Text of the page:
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On a recent trip to Philadelphia with my kids I wanted to explore the founding fathers old haunts-because I'm a history lover and oh yeah! I wanted to cross it off of my bucket list. The tourism board in Philadelphia was wonderful, even though I wasn't able to see everything-I was impressed with their willingness to work with a travel blogger. I was given a pass to see all that there was to see and of course come back and report on it. I took my children and myself down to historic "old city" Philadelphia. That was overwhelmingly awesome.
I'm going to cover Independence Hall, the Liberty Bell, where to eat, walking around the historic district, tales of the forefathers, and Christ Church. We even visited the first post office, set up by Benjamin Franklin himself.
"We hold these Truths to be self-evident, that all Men are created equal..."
When you get there do this:
1. Go to the Independence Hall Visitors Center and get you timed ticket to see Independence hall. It's important to get there early, so you can get in. In the warmer months, tickets are sold out by 11am. It is free for the tour-don't miss it.
2. Walk from there to the President's house across the street, tour the structure where George Washington slept in those early years when the nation's capital was Philadelphia.
3. Walk over to see the Liberty Bell. Cracked in 1846 the bell was repaired but unfortunately never rang again. It is on display, where visitors can view this historic piece of our nation's history for free.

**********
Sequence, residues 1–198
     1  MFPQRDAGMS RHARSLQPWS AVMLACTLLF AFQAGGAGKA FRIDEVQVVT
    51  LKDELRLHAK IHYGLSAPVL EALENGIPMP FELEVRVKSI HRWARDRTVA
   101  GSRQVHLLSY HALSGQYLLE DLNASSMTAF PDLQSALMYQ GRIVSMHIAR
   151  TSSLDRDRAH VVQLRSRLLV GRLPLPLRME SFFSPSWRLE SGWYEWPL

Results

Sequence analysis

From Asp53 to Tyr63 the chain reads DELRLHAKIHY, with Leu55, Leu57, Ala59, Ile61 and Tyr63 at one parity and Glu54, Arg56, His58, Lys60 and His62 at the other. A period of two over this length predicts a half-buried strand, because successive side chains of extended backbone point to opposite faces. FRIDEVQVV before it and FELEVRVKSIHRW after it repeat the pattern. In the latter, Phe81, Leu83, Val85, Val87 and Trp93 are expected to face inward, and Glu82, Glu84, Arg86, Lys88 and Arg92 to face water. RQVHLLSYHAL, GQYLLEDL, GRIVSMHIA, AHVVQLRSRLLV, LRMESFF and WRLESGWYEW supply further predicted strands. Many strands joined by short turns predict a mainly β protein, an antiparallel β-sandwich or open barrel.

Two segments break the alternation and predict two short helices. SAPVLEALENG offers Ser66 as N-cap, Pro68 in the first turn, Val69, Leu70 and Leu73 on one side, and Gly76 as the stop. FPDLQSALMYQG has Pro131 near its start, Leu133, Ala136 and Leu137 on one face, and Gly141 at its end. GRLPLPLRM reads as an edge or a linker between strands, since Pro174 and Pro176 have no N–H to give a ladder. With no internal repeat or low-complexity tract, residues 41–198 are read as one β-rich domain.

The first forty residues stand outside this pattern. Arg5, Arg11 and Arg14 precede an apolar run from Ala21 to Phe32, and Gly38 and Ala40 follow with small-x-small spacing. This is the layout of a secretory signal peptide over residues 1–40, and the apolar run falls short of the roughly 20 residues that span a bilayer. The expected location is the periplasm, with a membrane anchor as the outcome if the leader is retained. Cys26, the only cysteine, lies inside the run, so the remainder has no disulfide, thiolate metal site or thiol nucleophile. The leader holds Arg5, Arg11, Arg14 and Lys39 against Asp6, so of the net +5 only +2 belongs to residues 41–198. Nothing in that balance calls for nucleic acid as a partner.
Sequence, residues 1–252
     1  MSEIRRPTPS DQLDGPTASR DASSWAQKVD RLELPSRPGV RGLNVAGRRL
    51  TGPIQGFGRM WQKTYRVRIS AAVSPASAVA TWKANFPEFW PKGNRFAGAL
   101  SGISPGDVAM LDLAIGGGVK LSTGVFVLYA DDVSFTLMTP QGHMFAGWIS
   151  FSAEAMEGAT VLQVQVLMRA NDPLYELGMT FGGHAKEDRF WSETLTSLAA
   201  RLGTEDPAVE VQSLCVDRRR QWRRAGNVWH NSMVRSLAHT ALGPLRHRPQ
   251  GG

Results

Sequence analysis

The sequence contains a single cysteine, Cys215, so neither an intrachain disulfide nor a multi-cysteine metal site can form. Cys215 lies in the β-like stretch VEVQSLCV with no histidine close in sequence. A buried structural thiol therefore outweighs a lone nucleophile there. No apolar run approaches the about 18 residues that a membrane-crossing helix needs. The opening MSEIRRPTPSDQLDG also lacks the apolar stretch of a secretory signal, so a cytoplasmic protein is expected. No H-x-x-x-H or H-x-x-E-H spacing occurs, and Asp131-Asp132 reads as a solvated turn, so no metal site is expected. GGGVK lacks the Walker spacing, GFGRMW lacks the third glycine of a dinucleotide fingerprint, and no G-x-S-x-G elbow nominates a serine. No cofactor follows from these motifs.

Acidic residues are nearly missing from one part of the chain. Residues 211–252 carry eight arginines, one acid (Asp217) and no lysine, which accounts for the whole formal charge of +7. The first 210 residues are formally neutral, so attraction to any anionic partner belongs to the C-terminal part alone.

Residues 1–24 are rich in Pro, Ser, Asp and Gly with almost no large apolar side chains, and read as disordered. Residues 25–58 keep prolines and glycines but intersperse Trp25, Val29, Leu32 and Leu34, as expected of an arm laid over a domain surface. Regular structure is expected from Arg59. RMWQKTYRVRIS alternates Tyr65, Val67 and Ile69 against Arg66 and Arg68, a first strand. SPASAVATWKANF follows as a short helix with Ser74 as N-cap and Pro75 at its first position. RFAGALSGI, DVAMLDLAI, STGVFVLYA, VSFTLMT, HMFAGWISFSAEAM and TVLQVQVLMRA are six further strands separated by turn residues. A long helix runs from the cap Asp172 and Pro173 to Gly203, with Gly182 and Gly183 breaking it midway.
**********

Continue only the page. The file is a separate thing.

4. Walk across the street from Independence hall and get a Philly Cheesesteak-everyone does it. Make sure you go where the locals are oh and watch for cars running the curbs.
5.Take a tour on your own-walk by stores like Silence Do Good's (you know who penned that name?)
6. Visit Elfreth Alley-the oldest Colonial street in existence, and people still live there. There has to be ghosts!
7. Christchurch where the founding fathers pondered their fates, and William Penn's baptismal font is on display.
8. Ben Franklin's grave and several other signers graves are located at the Christchurch burial ground a small fee of $2.00 to go in, pay it-it supports the upkeep of this historic site.
NO one living today has ever heard the liberty bell ring, it was silenced forever in 1846.
Of course I had to rewatch John Adams and National Treasure.
There are so many places to see here, including Benjamin Franklin's grave. Visitors toss a penny on it-my kids and all did. Make a wish, and throw a penny-i'm not sure what I wished for. We throw pennies because Franklin coined the phrase "a penny saved is a penny earned" so it's lucky to do that. I think.
20,000 people attended his funeral.
His grave reads:
The Body of
Like the Cover of an old Book,
Its Contents torn out,
And stript of its Lettering and Gilding,
Lies here, Food for Worms.
But the Work shall not be whlly lost:
For it will, as he believ'd, appear once more,
In a new & more perfect Edition,
Corrected and Amended
By the Author.
He was born on January 6, 1706.
Arriving in the late after dinner sun in Philadelphia's Chinatown was straight out of a scene of "Big Trouble in Little China." Even the windows steamy and filled with spices, and pictures of Chinese demigods were entrancing. Between Vine to Arch Street between 9th to 12th street is where Asian fusion begins. It wasn't just me exploring-the kids came along too. The windows with the dead Peking ducks was a surefire stop and the kids stood there mesmerized. No heads were chopped off, so we continued our walk about a block past the entrance gates to a place called Nan Zhou Hand Drawn Noodles.
So my advice get some noodles, crafted from a 160 year old recipe. They have other things on the menu too- Thai peanut noodles only $6.00 a bowl. Plus, if you are particularly adventurous you can try out the Jellied Jellyfish and spicy sauce- it was pretty awesome.